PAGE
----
The odds are against film buffs and Francophiles when life, work, megatraffic plus the scorching heat become obstacles to catching all 15 films at the 24th French Film Festival. The 2019 edition goes on a monthlong tour of five key Philippine cities, kicking off in Metro Manila on June 12-18 at Bonifacio High Street and Greenbelt 3 cinemas.
Super gives a rundown of the festival lineup because we know time is precious—just like the moviegoer’s #priorities.
For those gifting dad with a movie date on Father’s Day
Two films by Nils Tavernier, guest filmmaker at the red-carpet opening night on June 11, pay homage to fatherhood.
The most recent, 2017’s “The Ideal Palace,” is based on the true story of Ferdinand Cheval, a 19th-century postman who dedicated 33 years of his life building an extraordinary pebble palace for his daughter (the real Palais Idéal still stands to this day in Hauterives, France, one of the nation’s protected architectural landmarks).
“The Finishers” is Tavernier’s 2014 inspirational sports drama about an athletic dad whose detachment from his differently abled, wheelchair-bound son ends when they sign up for the Ironman triathlon.
For everyone in favor of girl power
“Girlhood,” dubbed by critics as director Celine Sciamma’s gritty coming-of-age drama, observes the demographic rarely featured in French cinema—young women of color.
The well-acted “Le Brio” (2017) transports one of cinema’s fave themes, the inspirational teacher movie, to the French classroom, where a female Arab law student is mentored in speech and debate by an old, white racist professor.
“Barbara” (2017) is the uber-meta biopic of the beloved French music artist (real name Monique Andrée Serf), directed and cowritten by one of her biggest fans, filmmaker-actor Mathieu Amalric who also stars in the film.
For those who need a pick-me-up
The comedy “Sink or Swim” (2018), starring Amalric as a believably pathetic unemployed, clinically depressed midlifer who joins a men’s synchronized swim team, establishes that a square peg trying to fit in a round hole—and vice versa—isn’t so very impossible.
For those who thrive on nostalgia
Veteran socialist filmmaker Robert Guédiguian’s “The House by the Sea” (2017) is a family drama that defines inheritance beyond its worth in cash.
For those who worship Charlotte Gainsbourg and Isabelle Huppert, muses of French cinema
“Promise at Dawn” (2017), which is based on the namesake autobiography by French author Romain Gary, may not be entirely about Gainsbourg’s character in this film. However, the Anglo-French actress’ domineering but fiercely loving mom, Nina, should be a “loud” contrast to the reticent or introverted women she often portrays.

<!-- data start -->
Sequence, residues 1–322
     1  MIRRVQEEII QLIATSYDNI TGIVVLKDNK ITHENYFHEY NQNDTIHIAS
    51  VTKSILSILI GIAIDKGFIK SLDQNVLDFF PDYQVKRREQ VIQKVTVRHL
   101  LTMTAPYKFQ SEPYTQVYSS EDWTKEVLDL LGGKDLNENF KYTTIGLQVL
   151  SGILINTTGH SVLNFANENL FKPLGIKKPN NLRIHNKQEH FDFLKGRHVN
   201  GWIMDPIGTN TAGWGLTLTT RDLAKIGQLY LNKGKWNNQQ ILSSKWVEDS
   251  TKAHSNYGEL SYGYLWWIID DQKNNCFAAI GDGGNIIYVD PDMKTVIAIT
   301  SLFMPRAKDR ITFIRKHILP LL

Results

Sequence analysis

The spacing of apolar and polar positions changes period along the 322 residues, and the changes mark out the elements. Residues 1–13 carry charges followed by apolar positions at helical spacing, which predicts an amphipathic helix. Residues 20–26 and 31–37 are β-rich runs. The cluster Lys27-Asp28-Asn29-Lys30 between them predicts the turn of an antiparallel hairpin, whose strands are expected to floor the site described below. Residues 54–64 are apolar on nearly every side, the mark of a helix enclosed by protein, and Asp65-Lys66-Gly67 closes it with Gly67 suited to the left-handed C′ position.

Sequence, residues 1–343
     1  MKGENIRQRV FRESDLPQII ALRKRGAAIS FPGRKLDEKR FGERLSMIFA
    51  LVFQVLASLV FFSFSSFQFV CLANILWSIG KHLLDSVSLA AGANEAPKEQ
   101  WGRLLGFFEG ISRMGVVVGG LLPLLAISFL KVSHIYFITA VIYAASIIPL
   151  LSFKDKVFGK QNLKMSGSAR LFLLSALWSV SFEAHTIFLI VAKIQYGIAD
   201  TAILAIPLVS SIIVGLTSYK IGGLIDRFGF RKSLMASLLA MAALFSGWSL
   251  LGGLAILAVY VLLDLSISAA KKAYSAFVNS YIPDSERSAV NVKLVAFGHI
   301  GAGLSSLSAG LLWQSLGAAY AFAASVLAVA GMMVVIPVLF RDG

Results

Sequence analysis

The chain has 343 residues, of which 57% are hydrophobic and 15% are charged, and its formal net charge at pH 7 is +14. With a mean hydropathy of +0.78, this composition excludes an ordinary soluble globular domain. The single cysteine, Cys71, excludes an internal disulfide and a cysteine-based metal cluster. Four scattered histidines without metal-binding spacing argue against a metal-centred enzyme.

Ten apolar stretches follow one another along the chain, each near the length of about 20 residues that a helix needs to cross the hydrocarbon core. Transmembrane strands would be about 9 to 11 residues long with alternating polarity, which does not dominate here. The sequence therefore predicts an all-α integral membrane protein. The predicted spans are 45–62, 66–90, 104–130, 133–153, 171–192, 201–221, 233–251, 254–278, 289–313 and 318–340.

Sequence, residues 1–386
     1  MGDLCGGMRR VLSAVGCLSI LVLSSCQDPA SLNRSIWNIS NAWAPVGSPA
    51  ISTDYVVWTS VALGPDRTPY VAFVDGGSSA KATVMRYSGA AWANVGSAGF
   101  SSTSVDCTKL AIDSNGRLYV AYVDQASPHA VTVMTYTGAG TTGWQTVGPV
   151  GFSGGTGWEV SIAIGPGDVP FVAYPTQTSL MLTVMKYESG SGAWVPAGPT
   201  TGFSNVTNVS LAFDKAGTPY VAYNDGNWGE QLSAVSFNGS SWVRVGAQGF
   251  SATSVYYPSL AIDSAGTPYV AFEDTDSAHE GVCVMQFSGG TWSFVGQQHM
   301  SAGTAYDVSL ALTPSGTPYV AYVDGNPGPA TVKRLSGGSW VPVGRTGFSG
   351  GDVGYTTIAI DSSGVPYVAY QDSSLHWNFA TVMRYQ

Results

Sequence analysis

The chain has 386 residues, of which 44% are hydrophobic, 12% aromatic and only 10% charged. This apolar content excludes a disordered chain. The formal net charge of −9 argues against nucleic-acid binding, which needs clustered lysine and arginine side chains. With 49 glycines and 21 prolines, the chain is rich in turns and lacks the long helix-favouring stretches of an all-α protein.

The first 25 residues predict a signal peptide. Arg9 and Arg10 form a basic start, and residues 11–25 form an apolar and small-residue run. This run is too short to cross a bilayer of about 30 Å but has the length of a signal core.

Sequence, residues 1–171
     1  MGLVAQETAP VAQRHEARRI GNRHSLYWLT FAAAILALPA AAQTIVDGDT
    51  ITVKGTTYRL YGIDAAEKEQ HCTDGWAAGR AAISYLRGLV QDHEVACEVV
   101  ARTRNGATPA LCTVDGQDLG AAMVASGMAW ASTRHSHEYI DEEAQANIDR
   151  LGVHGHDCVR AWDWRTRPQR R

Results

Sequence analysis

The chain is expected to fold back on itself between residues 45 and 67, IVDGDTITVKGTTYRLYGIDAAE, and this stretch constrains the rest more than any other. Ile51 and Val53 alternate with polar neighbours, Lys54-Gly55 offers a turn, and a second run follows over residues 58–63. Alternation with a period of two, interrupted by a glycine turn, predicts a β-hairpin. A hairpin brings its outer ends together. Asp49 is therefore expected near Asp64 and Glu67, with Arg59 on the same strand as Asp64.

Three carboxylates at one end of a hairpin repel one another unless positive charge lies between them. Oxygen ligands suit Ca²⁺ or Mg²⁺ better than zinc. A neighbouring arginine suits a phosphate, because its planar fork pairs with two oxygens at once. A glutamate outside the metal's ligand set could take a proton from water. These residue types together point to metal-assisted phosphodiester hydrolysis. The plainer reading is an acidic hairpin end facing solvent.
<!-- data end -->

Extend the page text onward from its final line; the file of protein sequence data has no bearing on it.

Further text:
“Madame Hyde” (2018) gives Huppert the Robert Louis Stevenson-inspired role of cowering science teacher who develops a completely opposite alter ego, in a school where she is loathed by colleagues and pupils.
For the rom-com-obsessed
In “Victoria” (2016), the titular character has plenty to figure out—how to win a bizarre court case with pet witnesses, how to silence a judgemental blogger ex-husband and, most importantly, how to stop being so love-starved.
For those with a healthy appreciation for film exposition
“Two hours of magic with the veteran director,” says The Guardian film critic Peter Bradshaw of “Varda by Agnes,” the 2018 documentary about the auteur Agnes Varda by Agnes Varda. It now serves as the farewell project of the prolific filmmaker who passed away in March this year.
Jean Paul Civeyrac’s “A Paris Education” (2018) will indeed educate through the eyes of its country boy protagonist who enters a Parisian film school (but be ready for a bit of film snobbery as well).
For thriller junkies
“Just a Breath Away” (2018) leaves no doubt as to what the film is about—breathable air or the lack thereof, which sends a family scrambling for survival in a heavily fogged Paris.
“Custody” (2018) sounds like a heavy family drama, but critics have pointed at what makes it just as effective in the thriller genre: a father and ex-husband with a propensity for vindictiveness and violence.
For fans of animation
“The Big Bad Fox & Other Tales” (2017) not only has a cute storybook aesthetic but is also a family-friendly series of barnyard tales starring furry farm friends.
The 24th French Film Festival will run June 12-18 in Metro Manila (Bonifacio High Street cinemas and Greenbelt 3 cinemas); June 20-22 in Cebu (Ayala Center Cebu); June 28-30 in Davao (Abreeza Mall); and July 10-12 in Bacolod (Ayala Capitol Central Mall).
For screening schedules, visit www.ph.ambafrance.org; follow the Embassy of France to the Philippines on Facebook, @FrenchEmbassyPH on Twitter and Instagram.